JERNIGAN THICKET. Jernigan Thicket is a dense thicket of ten to fifteen square miles, which formerly covered an area including northeastern Hunt, southeastern Fannin, and western Delta counties. It was centered near Pecan Gap in Delta County. The thicket is made up of hardwoods, particularly bois d'arc, pecan, and oak; juniper and pines; and rattan vines. Mesquite and grasses grow on its outer fringes. The North Sulphur River flows through its upper section, and the West Fork of Jernigan Creek runs through its southwestern edge. Caddo Indians originally lived in the vicinity. By 1750 the French had arrived, and in 1820 scattered remnants of Delaware, Quapaw, and Seminole Indians were hunting there. The thicket was named for a hunter who was lost there for twelve days in 1843. For many years it served as a hideout for fugitives, including the Martin D. Hart company of bushwhackers. After the Civil War, when mechanized agriculture began to develop, much of the thicket vegetation was removed to clear the way for crop planting.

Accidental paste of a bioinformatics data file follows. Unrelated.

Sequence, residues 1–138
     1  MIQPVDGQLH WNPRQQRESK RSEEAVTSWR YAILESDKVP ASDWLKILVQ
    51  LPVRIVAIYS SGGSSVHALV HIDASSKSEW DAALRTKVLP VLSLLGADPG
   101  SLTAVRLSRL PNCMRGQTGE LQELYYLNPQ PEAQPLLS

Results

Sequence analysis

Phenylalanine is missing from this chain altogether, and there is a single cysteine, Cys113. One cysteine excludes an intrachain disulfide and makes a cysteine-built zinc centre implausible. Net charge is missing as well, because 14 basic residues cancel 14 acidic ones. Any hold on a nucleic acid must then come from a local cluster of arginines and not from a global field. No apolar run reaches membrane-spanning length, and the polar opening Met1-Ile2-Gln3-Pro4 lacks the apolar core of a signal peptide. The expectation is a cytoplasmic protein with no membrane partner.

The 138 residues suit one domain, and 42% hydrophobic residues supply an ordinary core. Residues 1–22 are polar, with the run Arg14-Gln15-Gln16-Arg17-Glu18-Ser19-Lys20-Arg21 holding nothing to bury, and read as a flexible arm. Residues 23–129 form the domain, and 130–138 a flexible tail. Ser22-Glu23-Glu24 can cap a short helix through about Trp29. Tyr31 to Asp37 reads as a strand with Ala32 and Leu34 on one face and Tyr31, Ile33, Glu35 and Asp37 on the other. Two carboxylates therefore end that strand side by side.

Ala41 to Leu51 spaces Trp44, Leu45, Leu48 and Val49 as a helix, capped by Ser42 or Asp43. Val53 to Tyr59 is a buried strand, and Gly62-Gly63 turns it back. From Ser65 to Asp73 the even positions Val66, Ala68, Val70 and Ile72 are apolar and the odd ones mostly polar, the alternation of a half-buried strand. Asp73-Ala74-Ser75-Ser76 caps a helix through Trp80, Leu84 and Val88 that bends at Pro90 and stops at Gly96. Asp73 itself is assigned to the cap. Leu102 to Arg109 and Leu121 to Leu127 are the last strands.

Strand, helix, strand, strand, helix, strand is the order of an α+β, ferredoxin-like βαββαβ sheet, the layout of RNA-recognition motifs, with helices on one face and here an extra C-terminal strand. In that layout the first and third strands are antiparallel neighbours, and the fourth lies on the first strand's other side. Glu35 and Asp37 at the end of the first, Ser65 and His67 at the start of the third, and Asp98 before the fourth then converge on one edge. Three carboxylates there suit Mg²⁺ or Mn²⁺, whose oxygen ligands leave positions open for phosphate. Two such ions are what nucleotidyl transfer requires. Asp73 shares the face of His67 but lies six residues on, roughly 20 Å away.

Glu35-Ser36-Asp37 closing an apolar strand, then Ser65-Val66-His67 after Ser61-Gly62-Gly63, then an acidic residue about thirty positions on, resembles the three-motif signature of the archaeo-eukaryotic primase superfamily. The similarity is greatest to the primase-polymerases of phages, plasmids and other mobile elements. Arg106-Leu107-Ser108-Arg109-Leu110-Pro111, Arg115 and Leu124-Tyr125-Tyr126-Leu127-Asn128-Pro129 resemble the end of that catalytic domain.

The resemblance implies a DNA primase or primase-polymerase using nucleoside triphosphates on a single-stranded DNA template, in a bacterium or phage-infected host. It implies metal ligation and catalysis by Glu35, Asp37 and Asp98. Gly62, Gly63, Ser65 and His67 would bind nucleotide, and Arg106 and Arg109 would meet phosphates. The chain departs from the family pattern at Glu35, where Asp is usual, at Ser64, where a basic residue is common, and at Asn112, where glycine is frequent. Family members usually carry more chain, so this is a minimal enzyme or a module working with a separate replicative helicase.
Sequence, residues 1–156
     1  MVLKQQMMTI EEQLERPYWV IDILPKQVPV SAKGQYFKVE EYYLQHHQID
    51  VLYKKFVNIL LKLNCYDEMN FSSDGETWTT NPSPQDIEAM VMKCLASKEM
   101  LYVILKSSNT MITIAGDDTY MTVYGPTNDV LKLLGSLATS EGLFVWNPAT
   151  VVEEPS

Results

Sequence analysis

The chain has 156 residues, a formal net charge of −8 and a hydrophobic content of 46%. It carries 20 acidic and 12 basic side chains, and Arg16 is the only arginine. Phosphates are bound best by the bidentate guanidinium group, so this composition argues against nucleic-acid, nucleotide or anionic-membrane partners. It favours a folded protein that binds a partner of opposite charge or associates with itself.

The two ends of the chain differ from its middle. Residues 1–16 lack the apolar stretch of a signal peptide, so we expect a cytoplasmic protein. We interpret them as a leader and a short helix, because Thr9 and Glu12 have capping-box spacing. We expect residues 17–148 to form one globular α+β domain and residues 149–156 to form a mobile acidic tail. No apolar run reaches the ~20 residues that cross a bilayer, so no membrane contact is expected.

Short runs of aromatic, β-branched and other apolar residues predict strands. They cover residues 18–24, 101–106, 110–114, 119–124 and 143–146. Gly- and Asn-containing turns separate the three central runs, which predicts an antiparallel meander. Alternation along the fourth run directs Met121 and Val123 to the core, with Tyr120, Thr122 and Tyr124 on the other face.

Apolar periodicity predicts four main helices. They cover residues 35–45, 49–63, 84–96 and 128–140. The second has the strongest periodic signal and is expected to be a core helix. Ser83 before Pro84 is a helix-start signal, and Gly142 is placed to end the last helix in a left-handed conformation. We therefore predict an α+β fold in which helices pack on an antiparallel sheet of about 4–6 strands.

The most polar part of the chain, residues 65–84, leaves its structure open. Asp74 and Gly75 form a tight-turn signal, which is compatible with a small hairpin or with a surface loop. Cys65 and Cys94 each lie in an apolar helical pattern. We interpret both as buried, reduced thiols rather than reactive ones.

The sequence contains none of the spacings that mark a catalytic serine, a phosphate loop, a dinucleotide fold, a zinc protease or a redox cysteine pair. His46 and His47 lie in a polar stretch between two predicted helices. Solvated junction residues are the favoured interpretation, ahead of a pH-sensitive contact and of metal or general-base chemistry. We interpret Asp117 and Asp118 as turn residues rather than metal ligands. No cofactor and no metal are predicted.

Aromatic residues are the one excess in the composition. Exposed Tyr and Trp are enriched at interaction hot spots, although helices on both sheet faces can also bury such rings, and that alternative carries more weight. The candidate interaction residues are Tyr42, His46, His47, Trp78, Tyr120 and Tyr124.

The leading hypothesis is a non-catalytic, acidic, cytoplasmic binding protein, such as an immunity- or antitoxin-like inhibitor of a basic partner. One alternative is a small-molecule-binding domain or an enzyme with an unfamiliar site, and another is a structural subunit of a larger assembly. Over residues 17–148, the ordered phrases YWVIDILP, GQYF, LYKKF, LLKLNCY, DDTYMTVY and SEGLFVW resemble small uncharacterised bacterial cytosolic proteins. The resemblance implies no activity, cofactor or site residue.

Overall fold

Image Use Disclaimer
All copyrighted materials included within the Handbook of Texas Online are in accordance with Title 17 U.S.C. Section 107 related to Copyright and “Fair Use” for Non-Profit educational institutions, which permits the Texas State Historical Association (TSHA), to utilize copyrighted materials to further scholarship, education, and inform the public. The TSHA makes every effort to conform to the principles of fair use and to comply with copyright law.
For more information go to: http://www.law.cornell.edu/uscode/17/107.shtml
If you wish to use copyrighted material from this site for purposes of your own that go beyond fair use, you must obtain permission from the copyright owner.
The following, adapted from the Chicago Manual of Style, 15th edition, is the preferred citation for this article.Handbook of Texas Online, "Jernigan Thicket," accessed January 22, 2017, http://www.tshaonline.org/handbook/online/articles/ryj01.
Uploaded on June 15, 2010. Published by the Texas State Historical Association.